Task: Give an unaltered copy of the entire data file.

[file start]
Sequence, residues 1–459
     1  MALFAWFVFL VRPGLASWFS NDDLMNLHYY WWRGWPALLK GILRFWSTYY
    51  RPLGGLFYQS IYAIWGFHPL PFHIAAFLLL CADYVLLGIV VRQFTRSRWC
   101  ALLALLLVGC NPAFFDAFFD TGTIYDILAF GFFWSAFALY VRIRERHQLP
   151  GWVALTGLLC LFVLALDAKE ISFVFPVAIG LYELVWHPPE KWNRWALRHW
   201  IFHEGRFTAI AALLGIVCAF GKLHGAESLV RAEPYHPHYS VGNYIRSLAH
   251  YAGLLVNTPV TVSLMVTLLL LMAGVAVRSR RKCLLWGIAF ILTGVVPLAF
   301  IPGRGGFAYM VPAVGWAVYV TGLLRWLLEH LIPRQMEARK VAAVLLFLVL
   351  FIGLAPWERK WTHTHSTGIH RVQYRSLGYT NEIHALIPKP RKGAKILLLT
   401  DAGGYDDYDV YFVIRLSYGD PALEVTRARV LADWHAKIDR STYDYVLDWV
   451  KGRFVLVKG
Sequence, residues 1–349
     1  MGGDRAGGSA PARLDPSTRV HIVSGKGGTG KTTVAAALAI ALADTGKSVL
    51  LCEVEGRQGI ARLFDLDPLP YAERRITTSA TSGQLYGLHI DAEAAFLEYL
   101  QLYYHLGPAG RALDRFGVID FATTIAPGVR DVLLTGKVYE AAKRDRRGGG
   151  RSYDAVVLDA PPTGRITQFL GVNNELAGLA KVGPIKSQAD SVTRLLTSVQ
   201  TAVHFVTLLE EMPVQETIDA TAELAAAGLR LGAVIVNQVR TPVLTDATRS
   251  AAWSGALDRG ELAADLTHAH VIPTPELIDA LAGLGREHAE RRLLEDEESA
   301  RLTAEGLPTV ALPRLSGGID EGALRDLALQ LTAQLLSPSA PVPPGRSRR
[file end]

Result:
Sequence, residues 1–459
     1  MALFAWFVFL VRPGLASWFS NDDLMNLHYY WWRGWPALLK GILRFWSTYY
    51  RPLGGLFYQS IYAIWGFHPL PFHIAAFLLL CADYVLLGIV VRQFTRSRWC
   101  ALLALLLVGC NPAFFDAFFD TGTIYDILAF GFFWSAFALY VRIRERHQLP
   151  GWVALTGLLC LFVLALDAKE ISFVFPVAIG LYELVWHPPE KWNRWALRHW
   201  IFHEGRFTAI AALLGIVCAF GKLHGAESLV RAEPYHPHYS VGNYIRSLAH
   251  YAGLLVNTPV TVSLMVTLLL LMAGVAVRSR RKCLLWGIAF ILTGVVPLAF
   301  IPGRGGFAYM VPAVGWAVYV TGLLRWLLEH LIPRQMEARK VAAVLLFLVL
   351  FIGLAPWERK WTHTHSTGIH RVQYRSLGYT NEIHALIPKP RKGAKILLLT
   401  DAGGYDDYDV YFVIRLSYGD PALEVTRARV LADWHAKIDR STYDYVLDWV
   451  KGRFVLVKG
Sequence, residues 1–349
     1  MGGDRAGGSA PARLDPSTRV HIVSGKGGTG KTTVAAALAI ALADTGKSVL
    51  LCEVEGRQGI ARLFDLDPLP YAERRITTSA TSGQLYGLHI DAEAAFLEYL
   101  QLYYHLGPAG RALDRFGVID FATTIAPGVR DVLLTGKVYE AAKRDRRGGG
   151  RSYDAVVLDA PPTGRITQFL GVNNELAGLA KVGPIKSQAD SVTRLLTSVQ
   201  TAVHFVTLLE EMPVQETIDA TAELAAAGLR LGAVIVNQVR TPVLTDATRS
   251  AAWSGALDRG ELAADLTHAH VIPTPELIDA LAGLGREHAE RRLLEDEESA
   301  RLTAEGLPTV ALPRLSGGID EGALRDLALQ LTAQLLSPSA PVPPGRSRR